Currently, it's available to pre-order in China only for 7,499 RMB. That's around $1,050/£900. That's quite the difference when compared to the Galaxy Z Fold 4, priced from $1,799/£1,649. Of course, while this is the set price in China, that doesn't mean it will stick to these favorable prices.
If there's one thing the Honor Magic Vs needs to get right, it's the price it will be set at when it comes to the international market. If it's even below $1,000/£1,000, then this foldable is gearing up to turn a lot of heads. Sure, its attractive, slim design is a standout, but it has a lot going for it under the hood, too.
As previously shown by Honor, the Magic Vs sports a Snapdragon 8+ Gen 1 processor, up to 12GB of RAM, and 512GB of storage. For camera enthusiasts, there's a 54MP main camera and 50MP ultra-wide sensor paired with an 8MP telephoto. For power, the 5,000mAh battery (the largest of any foldable of its class) is expected to keep this powered for hours.
With the Snapdragon 8 Gen 2 already making its way to 2023 smartphones, like the OnePlus 11, it would have been nicer to see the Honor Magic Vs make the jump to a next-gen chip. That said, the best smartphones on the market right now sport a Snapdragon 8+ Gen 1, so it's not like it will take a hit in performance.
There's a lot to like about the Honor Magic Vs, and even though its glass back cover is a bit of a fingerprint magnet (the Phoenix Feather Gold color option may fix that), it has a charming form factor that will appeal to those who haven't had much reason to pick up a foldable, like me.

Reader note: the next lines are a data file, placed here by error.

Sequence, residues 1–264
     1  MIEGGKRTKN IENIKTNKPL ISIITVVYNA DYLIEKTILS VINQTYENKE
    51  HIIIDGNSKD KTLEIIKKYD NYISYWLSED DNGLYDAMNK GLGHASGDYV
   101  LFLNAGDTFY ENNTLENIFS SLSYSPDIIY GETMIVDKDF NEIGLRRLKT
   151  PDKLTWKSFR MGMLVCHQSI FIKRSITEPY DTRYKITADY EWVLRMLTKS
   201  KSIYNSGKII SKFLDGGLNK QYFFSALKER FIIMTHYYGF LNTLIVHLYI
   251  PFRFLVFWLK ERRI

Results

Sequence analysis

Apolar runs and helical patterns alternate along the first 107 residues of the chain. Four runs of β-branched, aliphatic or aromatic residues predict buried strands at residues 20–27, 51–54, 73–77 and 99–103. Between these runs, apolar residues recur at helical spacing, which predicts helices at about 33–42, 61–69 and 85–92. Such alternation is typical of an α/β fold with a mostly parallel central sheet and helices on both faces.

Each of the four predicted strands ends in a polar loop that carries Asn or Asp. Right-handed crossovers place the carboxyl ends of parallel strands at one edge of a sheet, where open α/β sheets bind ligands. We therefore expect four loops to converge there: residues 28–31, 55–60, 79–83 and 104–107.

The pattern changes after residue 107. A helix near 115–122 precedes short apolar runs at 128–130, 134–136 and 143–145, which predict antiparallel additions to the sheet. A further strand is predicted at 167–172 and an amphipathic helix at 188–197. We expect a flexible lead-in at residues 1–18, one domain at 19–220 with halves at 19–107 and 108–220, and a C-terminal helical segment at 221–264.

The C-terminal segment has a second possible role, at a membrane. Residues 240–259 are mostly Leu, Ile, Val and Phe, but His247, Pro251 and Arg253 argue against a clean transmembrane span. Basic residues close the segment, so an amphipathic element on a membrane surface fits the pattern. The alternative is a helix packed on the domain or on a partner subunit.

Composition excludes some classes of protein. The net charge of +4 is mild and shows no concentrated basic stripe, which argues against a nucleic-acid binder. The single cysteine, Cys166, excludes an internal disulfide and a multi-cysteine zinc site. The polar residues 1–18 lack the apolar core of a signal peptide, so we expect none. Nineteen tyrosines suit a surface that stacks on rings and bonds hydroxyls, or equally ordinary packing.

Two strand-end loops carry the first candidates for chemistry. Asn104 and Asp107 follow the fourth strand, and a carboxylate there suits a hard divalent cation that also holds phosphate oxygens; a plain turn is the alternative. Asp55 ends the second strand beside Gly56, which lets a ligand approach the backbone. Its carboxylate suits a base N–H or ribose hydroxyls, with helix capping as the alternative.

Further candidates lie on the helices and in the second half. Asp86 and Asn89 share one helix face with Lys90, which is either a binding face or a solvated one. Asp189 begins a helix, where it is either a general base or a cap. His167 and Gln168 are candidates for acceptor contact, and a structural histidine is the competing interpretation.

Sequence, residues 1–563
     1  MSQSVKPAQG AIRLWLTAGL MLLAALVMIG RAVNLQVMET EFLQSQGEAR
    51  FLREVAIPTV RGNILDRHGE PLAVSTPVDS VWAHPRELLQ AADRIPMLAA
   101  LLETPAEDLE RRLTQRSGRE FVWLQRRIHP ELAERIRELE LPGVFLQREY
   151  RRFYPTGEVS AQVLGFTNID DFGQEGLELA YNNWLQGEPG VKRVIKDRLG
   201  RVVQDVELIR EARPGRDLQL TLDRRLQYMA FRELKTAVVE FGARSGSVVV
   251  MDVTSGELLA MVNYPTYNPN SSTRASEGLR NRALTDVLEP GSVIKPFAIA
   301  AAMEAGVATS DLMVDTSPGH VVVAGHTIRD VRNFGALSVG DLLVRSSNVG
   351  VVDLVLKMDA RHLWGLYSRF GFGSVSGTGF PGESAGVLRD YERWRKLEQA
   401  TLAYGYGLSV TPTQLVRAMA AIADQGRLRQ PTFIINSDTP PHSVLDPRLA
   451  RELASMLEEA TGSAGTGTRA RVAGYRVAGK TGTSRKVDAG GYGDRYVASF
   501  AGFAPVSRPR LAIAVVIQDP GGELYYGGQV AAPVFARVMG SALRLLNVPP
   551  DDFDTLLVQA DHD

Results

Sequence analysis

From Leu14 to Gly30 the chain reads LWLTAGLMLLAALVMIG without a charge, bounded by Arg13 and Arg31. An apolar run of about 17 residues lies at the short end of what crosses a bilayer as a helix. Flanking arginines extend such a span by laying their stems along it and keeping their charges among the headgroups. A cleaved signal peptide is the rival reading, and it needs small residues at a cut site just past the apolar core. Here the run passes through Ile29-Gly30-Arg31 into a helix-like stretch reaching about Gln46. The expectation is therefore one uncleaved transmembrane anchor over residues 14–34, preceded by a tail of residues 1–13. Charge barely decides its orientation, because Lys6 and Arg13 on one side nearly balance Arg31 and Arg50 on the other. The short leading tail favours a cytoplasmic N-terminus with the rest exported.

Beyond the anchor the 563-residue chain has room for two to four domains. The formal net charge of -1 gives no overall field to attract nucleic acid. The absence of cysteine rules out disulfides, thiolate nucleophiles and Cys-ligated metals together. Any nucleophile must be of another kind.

While I wish I could take the phone away with me to tinker with it, I was told to put it back in its box and enjoy the festive theme instead. Fair enough, as we're likely to see the Honor Magic Vs launch in Europe, and possibly other markets, sometime in early 2023. I'll be looking out for it, and with the brief time I had with it, you should, too.
If you're looking for another foldable that won't completely drain your bank account, check out our Samsung Galaxy Z Flip 4 review.
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Darragh Murphy is fascinated by all things bizarre, which usually leads to assorted coverage varying from washing machines designed for AirPods to the mischievous world of cyberattacks. Whether it's connecting Scar from The Lion King to two-factor authentication or turning his love for gadgets into a fabricated rap battle from 8 Mile, he believes there’s always a quirky spin to be made. With a Master’s degree in Magazine Journalism from The University of Sheffield, along with short stints at Kerrang! and Exposed Magazine, Darragh started his career writing about the tech industry at Time Out Dubai and ShortList Dubai, covering everything from the latest iPhone models and Huawei laptops to massive Esports events in the Middle East. Now, he can be found proudly diving into gaming, gadgets, and letting readers know the joys of docking stations for Laptop Mag.